The Negative Effects of Keeping Livestock in Guns, Germs, and Steel, a Book by Jared Diamond

Livestock have contributed to human society in a number of ways, both good and bad. “Guns, Germs, and Steel” chapter Lethal Gift of Livestock dealt with some of the negative consequences of keeping livestock in such close proximity. Also, it considered what diseases are, and why they make us ill. As well as why diseases have been spread more effectively in highly populated settings and as a result of the development of agriculture. It also tried to give an explanation for the almost one-way transfer of diseases for the Old World to the New World.

Epidemic diseases tend to produce no cases for a long time, then there may be a wave of new cases, followed by no more cases again for a time. Since many of these diseases are restricted to humans, microbes causing these diseases are not normally found in the soil or other animals. They spread quickly through a population resulting in an entire healthy population becoming exposed with the infected person either recovering completely or dying within a short period of time.

Those who recover develop antibodies that prevent becoming ill with that disease in the future. Some humans may have a genetic advantage that makes them resistant to a certain pathogen. In epidemic those with genetic resistance are more likely to survive and pass their genes on to future generation. This allows for populations to become better protected against a disease as a whole. However, many of these microbes have been able to evolve allowing for resistance which has resulted in a continuous battle between us and microbes.

Get quality help now
Writer Lyla
Verified

Proficient in: Guns Germs And Steel

5 (876)

“ Have been using her for a while and please believe when I tell you, she never fail. Thanks Writer Lyla you are indeed awesome ”

+84 relevant experts are online
Hire writer

To sustain epidemics, microbes need a human population that is quite substantial and live in close enough proximity to continue the spread of the disease. These diseases, called crowd disease, need dense populations and have come about only since the rise of agriculture in our society. Agriculture is able to support larger populations which has allowed for cities and urban areas to develop gradually over time. Many early cities had horrible sanitation and were breeding grounds for infectious diseases. Many crowd diseases that never could have previously occurred were able to evolve from animal diseases and thrive in these cities. Throughout history people have acquired microbial infectious diseases from animals. Most are relatively harmless and last a few days while others are much more serious. The major infectious diseases of human society have been smallpox, flu. malaria, measles, plague, cholera, and tuberculosis, all of which have evolved from diseases in animals. Humans and animals in many instances live in very close proximity to each and are in contact with each others microbes on a regular basis. Some people even live and sleep close to animal feces, urine, and other bodily fluids. Many of these animals have already been afflicted by epidemic diseases just waiting to evolve and possibly infect humans.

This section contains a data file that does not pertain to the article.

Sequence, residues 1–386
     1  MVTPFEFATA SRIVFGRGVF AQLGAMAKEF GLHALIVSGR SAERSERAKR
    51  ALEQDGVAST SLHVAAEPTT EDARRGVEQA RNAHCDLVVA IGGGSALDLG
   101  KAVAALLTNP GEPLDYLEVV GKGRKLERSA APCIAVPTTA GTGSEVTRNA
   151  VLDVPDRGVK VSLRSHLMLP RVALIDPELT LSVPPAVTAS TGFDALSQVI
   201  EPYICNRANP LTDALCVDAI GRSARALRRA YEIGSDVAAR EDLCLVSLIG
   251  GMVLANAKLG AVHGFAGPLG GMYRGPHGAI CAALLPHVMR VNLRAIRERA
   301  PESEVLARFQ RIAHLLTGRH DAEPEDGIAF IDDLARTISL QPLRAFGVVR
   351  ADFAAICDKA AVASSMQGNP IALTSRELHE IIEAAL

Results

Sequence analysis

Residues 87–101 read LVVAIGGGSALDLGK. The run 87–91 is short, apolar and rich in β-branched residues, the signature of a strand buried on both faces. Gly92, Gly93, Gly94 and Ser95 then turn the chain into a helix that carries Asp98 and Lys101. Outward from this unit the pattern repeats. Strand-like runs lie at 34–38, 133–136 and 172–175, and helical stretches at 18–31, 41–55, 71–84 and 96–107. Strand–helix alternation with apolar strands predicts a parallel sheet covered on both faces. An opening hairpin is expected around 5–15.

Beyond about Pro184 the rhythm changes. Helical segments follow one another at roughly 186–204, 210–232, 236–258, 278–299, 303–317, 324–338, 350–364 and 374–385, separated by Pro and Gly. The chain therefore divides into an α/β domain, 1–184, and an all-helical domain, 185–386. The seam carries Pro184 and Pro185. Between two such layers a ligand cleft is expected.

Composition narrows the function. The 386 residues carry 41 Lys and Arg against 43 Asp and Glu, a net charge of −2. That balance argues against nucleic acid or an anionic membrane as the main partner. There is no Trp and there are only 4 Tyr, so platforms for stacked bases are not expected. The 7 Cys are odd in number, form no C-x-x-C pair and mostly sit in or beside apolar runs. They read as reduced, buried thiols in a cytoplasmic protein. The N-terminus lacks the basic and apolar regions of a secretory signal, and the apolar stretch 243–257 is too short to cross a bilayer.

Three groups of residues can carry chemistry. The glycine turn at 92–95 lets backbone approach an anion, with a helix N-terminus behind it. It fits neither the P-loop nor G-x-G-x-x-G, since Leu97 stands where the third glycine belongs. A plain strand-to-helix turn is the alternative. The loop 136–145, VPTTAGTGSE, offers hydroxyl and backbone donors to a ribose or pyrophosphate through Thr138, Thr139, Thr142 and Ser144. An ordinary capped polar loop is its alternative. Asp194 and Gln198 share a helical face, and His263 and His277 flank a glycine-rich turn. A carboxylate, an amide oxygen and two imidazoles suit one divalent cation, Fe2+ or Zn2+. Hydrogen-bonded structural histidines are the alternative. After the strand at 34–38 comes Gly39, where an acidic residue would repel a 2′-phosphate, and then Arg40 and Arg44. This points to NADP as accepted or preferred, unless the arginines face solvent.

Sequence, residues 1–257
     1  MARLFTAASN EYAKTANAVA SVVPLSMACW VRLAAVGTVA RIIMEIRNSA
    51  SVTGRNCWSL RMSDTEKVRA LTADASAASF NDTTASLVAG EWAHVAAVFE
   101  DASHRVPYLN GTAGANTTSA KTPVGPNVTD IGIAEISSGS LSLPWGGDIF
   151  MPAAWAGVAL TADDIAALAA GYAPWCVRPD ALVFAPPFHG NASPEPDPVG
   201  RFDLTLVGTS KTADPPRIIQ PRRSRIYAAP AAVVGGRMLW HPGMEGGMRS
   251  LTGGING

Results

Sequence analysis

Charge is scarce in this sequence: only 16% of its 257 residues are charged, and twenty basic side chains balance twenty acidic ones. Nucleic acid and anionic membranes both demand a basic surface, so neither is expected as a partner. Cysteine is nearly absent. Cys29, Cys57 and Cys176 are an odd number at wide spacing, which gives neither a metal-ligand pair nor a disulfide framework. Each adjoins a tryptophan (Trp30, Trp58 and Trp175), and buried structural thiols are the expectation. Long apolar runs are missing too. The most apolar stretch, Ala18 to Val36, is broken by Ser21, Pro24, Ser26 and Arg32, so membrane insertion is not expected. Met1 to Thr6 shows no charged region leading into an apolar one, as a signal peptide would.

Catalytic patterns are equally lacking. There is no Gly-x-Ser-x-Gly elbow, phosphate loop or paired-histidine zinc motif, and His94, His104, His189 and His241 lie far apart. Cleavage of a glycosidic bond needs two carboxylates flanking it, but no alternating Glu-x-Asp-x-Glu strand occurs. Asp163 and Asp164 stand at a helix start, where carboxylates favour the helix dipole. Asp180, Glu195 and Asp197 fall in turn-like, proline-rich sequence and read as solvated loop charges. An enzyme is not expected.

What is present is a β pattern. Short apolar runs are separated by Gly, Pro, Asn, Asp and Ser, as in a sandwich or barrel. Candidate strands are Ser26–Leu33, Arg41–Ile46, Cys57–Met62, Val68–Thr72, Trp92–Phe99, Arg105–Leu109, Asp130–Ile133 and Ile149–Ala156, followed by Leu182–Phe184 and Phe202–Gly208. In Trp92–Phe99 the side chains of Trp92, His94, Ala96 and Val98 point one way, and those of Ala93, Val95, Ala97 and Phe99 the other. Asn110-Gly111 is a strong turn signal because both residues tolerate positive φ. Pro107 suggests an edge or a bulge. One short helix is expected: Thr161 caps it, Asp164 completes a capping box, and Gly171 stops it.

Epidemics have played a substantial role in shaping human history. This can be no more evident than to look at the Europeans conquest of the New World. Many of the people living in New World lived in much less dense populations and had much less contact with domestic animals than that of Europeans. Therefore, they had never been exposed to many of the so-called crowd diseases and had no immune or genetic resistance to them. Epidemics were then able to be spread by Europeans and cause devastating effects among the native people. While it is estimated that there was a 95% decline in the Indian population in the centuries that followed Columbus reaching the Americas, it is thought that not a single deadly disease was brought from the New World to Europe. This may be the result of there not being animals in the New World able to give their diseases to humans. Another reason for this may have been that populations did not become dense until much later, resulting in no formation of epidemic crowd diseases. Only certain diseases are able to survive or evolve in small isolated populations. Chronic and nonfatal infections that are able to survive outside the human body are able to last in a smaller population.

I found the reading to be very informative and thought provoking. I previously had no idea that so many microbial diseases evolved from animal diseases to now infect humans. I also learned about the spread of disease to the Americas. I could not believe the incredible numbers of natives that were killed as a result of epidemics. I knew lots of people died, but not numbers such as in Mexico where the population dropped for 20 million to about 1.6 million. Overall I enjoyed the chapter and would consider reading more or even the rest of the book, if I didn’t have organic chemistry.

Cite this page

The Negative Effects of Keeping Livestock in Guns, Germs, and Steel, a Book by Jared Diamond. (2022, Feb 22). Retrieved from https://paperap.com/the-negative-effects-of-keeping-livestock-in-guns-germs-and-steel-a-book-by-jared-diamond/

Let’s chat?  We're online 24/7